Syndicated Columnists

July 5, 2014

Jonah Goldberg: This is why liberals are not proud of America

Liberals tend to equate patriotism with the government. President Obama was supposed to usher in a glorious new era of European-style big government. He’s failed, though alas not entirely. But in the attempt he aroused a populist movement — the tea parties — full of people who wore their traditional patriotism on their sleeves and tricorner hats.

Five years into the Obama presidency, many liberal Americans still don’t like America.

A new Pew survey found that 44 percent of Americans don’t often feel pride in being an American, and only 28 percent said that America is the greatest country in the world. Respondents who “often feel proud to be American” were overwhelmingly conservative (from 72 percent to 81 percent depending on the kind of conservative). A majority (60 percent) of “solid liberals” said they don’t often feel proud to be an American.

Georgia Rep. John Lewis recently said that, “If the Civil Rights Act was before the Congress today, it would not pass, it would probably never make it to the floor for a vote.” Lewis is right. If it came before the Congress today, it wouldn’t pass. You know why? Because it passed 50 years ago.

At least Lewis was primarily condemning congressional gridlock, not GOP racism.

Primarily.

A hero of the civil rights era, Lewis has adopted the liberal habit of suggesting that his political opponents have a burning desire to return to the era of Jim Crow. Contrary to what you hear on MSNBC, Republicans don’t want to force Supreme Court Justice Clarence Thomas, Dr. Ben Carson, Sen. Tim Scott or any other African-American to the back of the bus.

In the wake of the Supreme Court’s decision in the Hobby Lobby case, Hillary Clinton insisted we are following in the footsteps of anti-democratic Middle Eastern theocracies. According to Clinton, the majority on the court were like Iranian mullahs, behaving “in ways that are disadvantageous to women but which prop up them because of their religion, their sect, their tribe, whatever.” The shocking, inarticulate stupidity of this analysis is only outdone by the stunning ease with which Clinton offered it.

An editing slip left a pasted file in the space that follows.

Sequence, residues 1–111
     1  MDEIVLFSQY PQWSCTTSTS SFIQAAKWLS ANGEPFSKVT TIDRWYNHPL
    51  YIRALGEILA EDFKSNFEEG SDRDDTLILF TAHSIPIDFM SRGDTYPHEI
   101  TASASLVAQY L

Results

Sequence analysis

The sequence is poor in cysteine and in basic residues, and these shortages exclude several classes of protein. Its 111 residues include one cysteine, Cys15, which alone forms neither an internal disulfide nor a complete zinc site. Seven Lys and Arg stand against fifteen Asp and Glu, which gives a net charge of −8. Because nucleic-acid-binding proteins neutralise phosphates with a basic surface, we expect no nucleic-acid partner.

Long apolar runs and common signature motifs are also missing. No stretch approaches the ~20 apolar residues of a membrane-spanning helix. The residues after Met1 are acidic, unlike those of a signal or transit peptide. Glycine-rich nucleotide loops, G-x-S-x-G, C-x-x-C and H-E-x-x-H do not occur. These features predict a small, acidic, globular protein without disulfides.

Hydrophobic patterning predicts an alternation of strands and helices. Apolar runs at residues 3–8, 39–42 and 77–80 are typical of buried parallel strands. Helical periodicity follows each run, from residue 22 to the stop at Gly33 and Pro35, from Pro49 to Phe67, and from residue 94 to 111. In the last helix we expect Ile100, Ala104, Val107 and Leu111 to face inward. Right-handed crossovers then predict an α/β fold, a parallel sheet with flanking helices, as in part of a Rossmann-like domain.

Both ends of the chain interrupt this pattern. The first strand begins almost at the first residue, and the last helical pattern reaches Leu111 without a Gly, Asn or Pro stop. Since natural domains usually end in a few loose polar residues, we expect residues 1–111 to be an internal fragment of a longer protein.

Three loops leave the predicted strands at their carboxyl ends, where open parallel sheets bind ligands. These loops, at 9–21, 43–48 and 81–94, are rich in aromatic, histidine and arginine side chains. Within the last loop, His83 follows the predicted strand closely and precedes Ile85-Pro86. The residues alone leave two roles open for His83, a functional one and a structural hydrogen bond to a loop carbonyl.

This glib anti-Americanism manifests itself most readily with issues of race and gender, but it hardly ends there. MSNBC host Chris Hayes celebrated soccer’s growing popularity in the U.S. because it strikes a blow against “anti-soccer trolls” who believe in American exceptionalism. “Part of embracing a truly worldwide competition,” Hayes cheered, “is accepting the fact the U.S. cannot simply assert its dominance. Turns out we have to play just like everybody else.”

It’s ironic. In 2009, conservatives (myself included) pounced when Barack Obama seemed to dismiss American exceptionalism as an empty platitude. “I believe in American exceptionalism,” Obama explained, “just as I suspect that the Brits believe in British exceptionalism and the Greeks believe in Greek exceptionalism.”

By this standard, American exceptionalism isn’t exceptional, it’s a vague and meaningless form of national self-esteem, rather than a complex concept describing the uniqueness of the American founding and American character.

In May, Obama told West Point graduates that he believes in American exceptionlism “with every fiber of my being.” But he immediately qualified what he meant by insisting that “What makes us exceptional is not flouting international norms and the rule of law; it’s our willingness to affirm them through our actions.”

Translation: We prove we’re exceptional by playing just like everyone else — just like playing soccer!

Liberals tend to equate patriotism with the government. Obama was supposed to usher in a glorious new era of European-style big government. He’s failed, though alas not entirely. But in the attempt he aroused a populist movement — the tea parties — full of people who wore their traditional patriotism on their sleeves and tricorner hats. The forces of American exceptionalism proved formidable, taking advantage of our exceptional constitutional structure to thwart European social democracy.

And liberal resentment over that fact is palpable.

Jonah Goldberg is a fellow at the American Enterprise Institute and editor at large of National Review Online. Reach him at goldbergcolumn@gmail.com.

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